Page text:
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Watch out for That Head Scratch

"Lice infestation"
By: Patricia AlbisWatch out for That Head Scratch

The school is a breeding ground for common diseases having a large number of intermingling kids of different ages, some of whom may or may not have good personal habits. Knowing how some of the top common schoolchildren’s diseases spread may help you and your child develop preventive measures against infection. Learn about Pediculosiscapitis better known as infestation of head lice, the second most common disease in schoolchildren next to tooth decay.

Contagious crawlers

Louse is singular for lice - (Pediculosis humanus capitis), tiny, wingless ectoparasites of the head. It is identified for:

  • crawling fast on the scalp,
  • feeding on human blood,
  • laying sticky eggs (nits) on the hair shaft,
  • living for 3-4 weeks and hatch eggs 8-9 days,
  • being active during warm months

Signs of lice infestation are tiny red bumps or sores on the scalp, ears, neck, and shoulders. Frequent scratching of the head may cause interrupted sleep leading to poor concentration during class, likewise, intense scratching can cause open wounds, skin irritation or infection.

Anyone can acquire head lice, but it is common to school-aged children who share several of their belongings and play close together. Head lice do not carry diseases, can’t jump nor fly, but it is highly contagious via head-to-head contact. The discomfort and social stigma of this infestation may affect child’s performance. Head lice infestation can spread indirectly through the use of:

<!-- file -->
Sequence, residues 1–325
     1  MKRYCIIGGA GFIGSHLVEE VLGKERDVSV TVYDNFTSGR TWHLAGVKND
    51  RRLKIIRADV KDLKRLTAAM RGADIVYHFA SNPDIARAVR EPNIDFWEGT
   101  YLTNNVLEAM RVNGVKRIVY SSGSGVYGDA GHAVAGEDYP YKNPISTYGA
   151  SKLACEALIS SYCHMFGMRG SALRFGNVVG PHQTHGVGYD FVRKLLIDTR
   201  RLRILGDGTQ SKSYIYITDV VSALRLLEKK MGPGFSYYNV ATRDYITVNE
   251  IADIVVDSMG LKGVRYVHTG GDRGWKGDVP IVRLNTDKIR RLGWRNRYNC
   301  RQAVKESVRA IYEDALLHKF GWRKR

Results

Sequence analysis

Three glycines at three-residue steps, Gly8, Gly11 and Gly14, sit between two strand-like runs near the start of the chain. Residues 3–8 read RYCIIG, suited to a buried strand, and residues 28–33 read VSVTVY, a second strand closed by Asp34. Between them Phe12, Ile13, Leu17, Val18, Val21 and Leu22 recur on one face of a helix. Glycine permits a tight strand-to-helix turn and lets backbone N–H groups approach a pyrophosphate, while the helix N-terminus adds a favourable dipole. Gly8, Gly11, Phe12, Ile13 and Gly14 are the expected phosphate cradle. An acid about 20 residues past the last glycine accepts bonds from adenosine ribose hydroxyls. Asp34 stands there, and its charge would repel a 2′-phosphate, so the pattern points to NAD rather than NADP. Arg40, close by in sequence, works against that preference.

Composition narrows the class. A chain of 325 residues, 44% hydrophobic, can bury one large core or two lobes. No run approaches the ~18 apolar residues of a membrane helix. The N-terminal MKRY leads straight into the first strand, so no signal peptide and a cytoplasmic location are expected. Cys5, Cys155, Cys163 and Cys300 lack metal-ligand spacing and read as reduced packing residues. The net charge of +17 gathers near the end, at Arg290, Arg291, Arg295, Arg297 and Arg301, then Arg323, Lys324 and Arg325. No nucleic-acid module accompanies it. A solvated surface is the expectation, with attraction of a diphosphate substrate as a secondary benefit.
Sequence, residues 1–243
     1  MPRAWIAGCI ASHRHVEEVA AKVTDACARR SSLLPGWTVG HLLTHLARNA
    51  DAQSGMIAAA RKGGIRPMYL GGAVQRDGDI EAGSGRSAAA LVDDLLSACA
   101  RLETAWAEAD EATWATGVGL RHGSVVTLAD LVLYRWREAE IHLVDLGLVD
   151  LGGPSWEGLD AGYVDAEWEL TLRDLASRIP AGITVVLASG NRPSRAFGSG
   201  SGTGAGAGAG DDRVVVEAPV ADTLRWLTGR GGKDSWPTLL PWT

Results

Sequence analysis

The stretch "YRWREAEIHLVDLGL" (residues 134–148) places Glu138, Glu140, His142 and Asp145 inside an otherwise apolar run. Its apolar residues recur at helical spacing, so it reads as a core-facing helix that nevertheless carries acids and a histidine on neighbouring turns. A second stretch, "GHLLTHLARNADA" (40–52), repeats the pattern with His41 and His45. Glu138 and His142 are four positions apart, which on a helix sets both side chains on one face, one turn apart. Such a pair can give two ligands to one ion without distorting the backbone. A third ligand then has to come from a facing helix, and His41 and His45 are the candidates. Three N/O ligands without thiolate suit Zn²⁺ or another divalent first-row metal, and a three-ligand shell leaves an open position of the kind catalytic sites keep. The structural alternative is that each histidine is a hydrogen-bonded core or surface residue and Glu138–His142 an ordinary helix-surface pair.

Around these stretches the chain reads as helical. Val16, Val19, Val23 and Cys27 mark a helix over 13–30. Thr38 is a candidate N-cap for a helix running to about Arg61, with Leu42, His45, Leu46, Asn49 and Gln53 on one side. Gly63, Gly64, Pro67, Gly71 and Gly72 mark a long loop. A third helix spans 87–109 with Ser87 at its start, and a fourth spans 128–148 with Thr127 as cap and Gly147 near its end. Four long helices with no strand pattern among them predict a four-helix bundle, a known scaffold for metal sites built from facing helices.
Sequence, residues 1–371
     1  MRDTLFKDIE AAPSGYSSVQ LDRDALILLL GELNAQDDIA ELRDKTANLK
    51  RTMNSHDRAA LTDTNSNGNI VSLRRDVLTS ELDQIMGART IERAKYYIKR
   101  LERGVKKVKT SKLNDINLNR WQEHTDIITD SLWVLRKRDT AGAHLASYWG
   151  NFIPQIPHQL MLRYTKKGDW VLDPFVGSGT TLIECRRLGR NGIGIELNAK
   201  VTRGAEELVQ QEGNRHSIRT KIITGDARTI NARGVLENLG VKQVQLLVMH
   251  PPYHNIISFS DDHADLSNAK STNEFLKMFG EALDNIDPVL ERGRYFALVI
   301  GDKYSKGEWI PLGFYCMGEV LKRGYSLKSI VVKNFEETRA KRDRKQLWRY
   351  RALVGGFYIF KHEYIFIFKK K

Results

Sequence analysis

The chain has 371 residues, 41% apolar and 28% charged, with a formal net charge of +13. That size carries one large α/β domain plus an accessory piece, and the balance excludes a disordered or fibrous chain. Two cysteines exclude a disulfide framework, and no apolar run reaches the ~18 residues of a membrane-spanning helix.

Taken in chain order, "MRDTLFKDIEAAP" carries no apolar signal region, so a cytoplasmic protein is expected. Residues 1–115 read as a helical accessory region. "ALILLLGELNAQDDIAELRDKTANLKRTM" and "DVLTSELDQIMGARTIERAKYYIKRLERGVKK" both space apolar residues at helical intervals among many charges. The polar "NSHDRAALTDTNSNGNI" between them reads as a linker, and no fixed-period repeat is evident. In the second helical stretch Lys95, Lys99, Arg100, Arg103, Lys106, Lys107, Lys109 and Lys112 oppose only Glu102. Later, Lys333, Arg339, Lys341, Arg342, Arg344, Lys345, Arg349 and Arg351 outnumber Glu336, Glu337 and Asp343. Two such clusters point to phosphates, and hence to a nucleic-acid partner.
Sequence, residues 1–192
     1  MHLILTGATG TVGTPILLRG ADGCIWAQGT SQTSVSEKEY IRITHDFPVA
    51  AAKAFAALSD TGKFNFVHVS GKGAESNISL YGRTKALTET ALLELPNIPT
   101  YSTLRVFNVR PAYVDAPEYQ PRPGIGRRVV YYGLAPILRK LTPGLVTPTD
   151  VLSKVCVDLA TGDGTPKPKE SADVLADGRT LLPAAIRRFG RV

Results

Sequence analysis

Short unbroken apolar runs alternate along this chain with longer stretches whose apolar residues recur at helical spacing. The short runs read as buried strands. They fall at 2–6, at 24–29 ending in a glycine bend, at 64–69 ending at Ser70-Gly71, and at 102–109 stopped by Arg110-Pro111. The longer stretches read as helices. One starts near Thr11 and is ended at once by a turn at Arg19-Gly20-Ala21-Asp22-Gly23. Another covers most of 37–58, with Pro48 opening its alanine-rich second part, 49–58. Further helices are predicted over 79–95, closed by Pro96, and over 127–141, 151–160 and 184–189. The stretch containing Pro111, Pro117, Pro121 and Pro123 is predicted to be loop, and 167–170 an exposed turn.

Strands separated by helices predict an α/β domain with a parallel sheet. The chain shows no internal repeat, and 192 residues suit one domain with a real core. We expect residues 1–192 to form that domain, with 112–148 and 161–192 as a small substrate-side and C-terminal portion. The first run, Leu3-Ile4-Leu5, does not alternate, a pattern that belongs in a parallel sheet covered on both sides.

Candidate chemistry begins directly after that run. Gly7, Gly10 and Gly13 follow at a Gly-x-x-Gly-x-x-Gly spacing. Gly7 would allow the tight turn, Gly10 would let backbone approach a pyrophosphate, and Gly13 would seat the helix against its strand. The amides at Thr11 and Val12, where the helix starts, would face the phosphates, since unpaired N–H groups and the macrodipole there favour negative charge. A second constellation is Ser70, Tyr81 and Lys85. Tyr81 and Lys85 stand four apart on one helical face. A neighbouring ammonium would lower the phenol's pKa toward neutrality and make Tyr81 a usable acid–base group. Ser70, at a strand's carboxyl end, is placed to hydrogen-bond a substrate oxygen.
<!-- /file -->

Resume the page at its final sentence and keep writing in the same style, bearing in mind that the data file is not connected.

• Hair accessories such as comb, hair clips, etc.
  • Headphones, stuff animals,
  • Hats, scarves
  • Towels, pillows, blankets, bed sheets,
  • Household upholsteries

Treat them all

Head lice is not a sign of poor hygiene or unclean living environment. If your child comes in contact with someone’s infested head, even with frequent showers, infestation is still highly possible. To prevent the spread and re-infestation, examine and treat ALL members of the family if one is suspected with head lice.

  • Regularly wash hair, apply shampoo and wipe hair and body with clean towels. Advise your child not to share hair items such as combs and hats.
  • Remove lice by handpicking or using “suyod.” Apply lubricants like conditioner or oil into the wet hair before fine combing and give extra attention at the back of the head and ears.
  • Some studies suggest the efficacy of plant oils against lice and nits. Try using tea tree, anise, or ylang-ylang oil.
  • Regularly change pillow cases, beddings, and towels. If you can’t wash items with hot water, seal them in plastic bags for 2 weeks. Vacuum couch, carpets, car seats and toys.
  • You may treat head lice with over-the-counter anti-lice products containing Pyrethrin or Permethrin. Carefully follow the instructions. Persistent infestation warrants pediatrician or family doctor consultation.

The possibility of this infestation should not prevent parents from sending their kids to school. If need may be, talk to the school health and nutrition personnel about contingencies on head lice infestation and other top schoolchildren's diseases. A good school would consider planning and training for these common problems.

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